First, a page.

The Petronas Towers are the centrepiece of the mixed-use Kuala Lumpur City Centre (KLCC) complex, set in the heart of the commercial district of the city. Rising 452 metres, the towers were certified the world's tallest buildings by the Council of Tall Buildings and Urban Habitat in 1996. The complex is at the forefront of technology, with a form derived from an Islamic pattern, and extensive use of local materials. The towers have become a popular example of contemporary architecture in Malaysia, and their elegant form makes them the country's most significant urban landmark.
In 1981 the Malaysian Government undertook the development of a 40-hectare site in the heart of Kuala Lumpur's emerging business district -- the 'Golden Triangle'. In 1991 an international competition was held for the design of the office tower complex and was won by Cesar Pelli & Associates.
The project design is based on the concept of two interlocking squares that form an eight-pointed star modified by placing eight semicircles in the angles of the corners to create more floor space. Each tower rises eighty-eight storeys and provides 218,000 square metres of floor space, including an additional circular 'bustle' or annex forty-four storeys high. The towers taper at six intervals, with the walls of the upper levels sloping inwards. Both towers are topped by a conical spire and a 73.5 metre high pinnacle.
The structure supporting each of the towers comprises a ring of sixteen cylindrical columns of high-strength reinforced concrete, placed on the inner corners of the star-shaped plan to form a 'soft tube', with the columns linked by arched ring beams, also made of structural concrete. The columns are nearly 2.4 metres in diameter at the base of the building, but taper as they rise through the floors, as well as sloping towards the centre of the towers. At the centre of each tower is a square core, which contains elevators, mechanical shafts and other services, with beams extending out to the perimeter columns. The core occupies 23 per cent of the floor plan -- a relatively low ratio in comparison to other skyscrapers. The foundation system of the towers consists of a 4.5 metre thick piled raft supported on rectangular friction piles varying in depth from 40 metres to 105 metres.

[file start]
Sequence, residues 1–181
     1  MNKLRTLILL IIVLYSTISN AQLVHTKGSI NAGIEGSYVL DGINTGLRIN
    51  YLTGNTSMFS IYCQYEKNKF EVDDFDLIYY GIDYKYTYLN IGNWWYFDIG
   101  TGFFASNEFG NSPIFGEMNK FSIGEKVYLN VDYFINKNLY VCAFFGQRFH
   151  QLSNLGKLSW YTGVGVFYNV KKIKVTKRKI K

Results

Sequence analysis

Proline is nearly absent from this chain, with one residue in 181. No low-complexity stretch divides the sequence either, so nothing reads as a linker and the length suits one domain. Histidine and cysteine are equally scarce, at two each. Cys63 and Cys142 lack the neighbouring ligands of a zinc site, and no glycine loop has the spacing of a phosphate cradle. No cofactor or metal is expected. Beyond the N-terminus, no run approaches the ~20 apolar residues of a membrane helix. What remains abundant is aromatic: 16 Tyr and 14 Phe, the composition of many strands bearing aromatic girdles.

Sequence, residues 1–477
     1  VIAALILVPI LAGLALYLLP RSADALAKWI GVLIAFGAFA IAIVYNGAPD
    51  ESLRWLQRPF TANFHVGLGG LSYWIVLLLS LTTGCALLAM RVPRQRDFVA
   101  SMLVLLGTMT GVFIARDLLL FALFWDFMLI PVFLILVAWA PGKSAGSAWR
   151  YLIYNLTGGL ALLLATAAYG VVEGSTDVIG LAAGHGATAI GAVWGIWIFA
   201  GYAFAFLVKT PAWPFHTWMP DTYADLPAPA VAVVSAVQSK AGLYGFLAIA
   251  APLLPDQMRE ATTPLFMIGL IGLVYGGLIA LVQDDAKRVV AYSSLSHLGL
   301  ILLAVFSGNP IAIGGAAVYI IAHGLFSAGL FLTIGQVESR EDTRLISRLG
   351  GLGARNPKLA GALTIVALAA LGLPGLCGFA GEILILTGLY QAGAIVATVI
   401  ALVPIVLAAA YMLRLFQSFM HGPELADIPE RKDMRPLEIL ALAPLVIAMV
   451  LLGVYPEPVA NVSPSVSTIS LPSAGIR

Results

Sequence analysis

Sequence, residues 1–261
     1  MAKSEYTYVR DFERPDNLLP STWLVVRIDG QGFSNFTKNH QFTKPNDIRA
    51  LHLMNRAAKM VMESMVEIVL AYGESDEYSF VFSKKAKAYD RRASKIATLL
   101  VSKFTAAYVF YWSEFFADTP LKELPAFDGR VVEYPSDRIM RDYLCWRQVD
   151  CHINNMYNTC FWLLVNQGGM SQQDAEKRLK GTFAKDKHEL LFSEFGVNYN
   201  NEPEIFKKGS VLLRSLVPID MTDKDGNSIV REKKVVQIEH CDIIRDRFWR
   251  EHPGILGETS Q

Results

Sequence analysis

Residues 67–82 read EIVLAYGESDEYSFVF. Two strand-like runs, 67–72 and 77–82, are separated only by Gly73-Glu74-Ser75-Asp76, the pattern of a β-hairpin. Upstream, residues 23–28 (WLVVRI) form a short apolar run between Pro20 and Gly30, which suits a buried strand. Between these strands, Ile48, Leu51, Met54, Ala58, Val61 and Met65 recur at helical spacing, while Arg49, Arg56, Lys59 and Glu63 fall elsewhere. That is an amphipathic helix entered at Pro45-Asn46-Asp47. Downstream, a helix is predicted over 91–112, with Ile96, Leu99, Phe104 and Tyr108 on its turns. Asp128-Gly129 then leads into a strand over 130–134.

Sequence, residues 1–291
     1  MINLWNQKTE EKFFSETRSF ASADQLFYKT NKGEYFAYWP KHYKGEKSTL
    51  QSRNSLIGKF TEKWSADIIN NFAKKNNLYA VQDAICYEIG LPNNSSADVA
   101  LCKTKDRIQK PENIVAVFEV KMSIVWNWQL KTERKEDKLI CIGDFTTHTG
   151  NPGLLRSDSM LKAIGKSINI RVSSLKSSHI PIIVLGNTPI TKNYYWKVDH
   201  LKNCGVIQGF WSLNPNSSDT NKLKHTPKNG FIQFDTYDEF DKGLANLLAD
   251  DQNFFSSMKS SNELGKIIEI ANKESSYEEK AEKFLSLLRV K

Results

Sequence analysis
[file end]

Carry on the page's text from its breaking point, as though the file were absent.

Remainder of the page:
The towers are connected at the forty-first and forty-second levels, 170 metres above street level, by a sky bridge, enabling intercommunication between the towers. The structural design of the sky bridge was complex because it had to accommodate differing movements from each tower. The towers are also joined at their base to form a six-level retail and entertainment complex with a central atrium. From the atrium, two 'streets', lined with over 300 shops, caf�s and restaurants, extend along opposite axes. In addition, the complex includes an 880-seat concert hall, an art gallery, a specialized library and an interactive science discovery centre, as well as a four-storey underground car park for 5,400 cars.
Throughout the complex, automatic controls and advanced communication systems reduce energy consumption and promote convenience of use. One such system controls vertical transportation, which is provided by double-deck lifts capable of carrying twenty-six people per deck. The integrated energy-conservation concept of the towers is based on an innovative 'cool-recovery' system, which uses heat from exhaust air to power the cooling of outside air as it enters the building. The system reduces the amount of energy required to air condition the building by 50 per cent.
The Petronas Towers complex combines modern technology with a sense of cultural identity. It has also introduced new architectural standards to Malaysia in terms of design, construction and technology.
This project has received an Award because it represents a new direction in skyscraper design, featuring advanced technology while symbolizing local and national aspirations. The project embodies several innovations, ranging from the use of unusually high-strength concrete to facilitate a soft-tube structural system, to an inventive vertical transportation concept and the integration of cutting-edge energy conservation systems. The success of this project lies in the manner in which it incorporates these technological innovations while generating a slender form that responds poetically to the broader landscape. The simple geometrical pattern that generates the plan not only uses space efficiently to maximize exposure to natural light, but also creates a rich spatial expression. The building has become an icon that expresses the sophistication of contemporary Malaysian society and builds on the country's rich traditions to shape a world city.
Recipient of the Aga Khan Award for Architecture, 2004.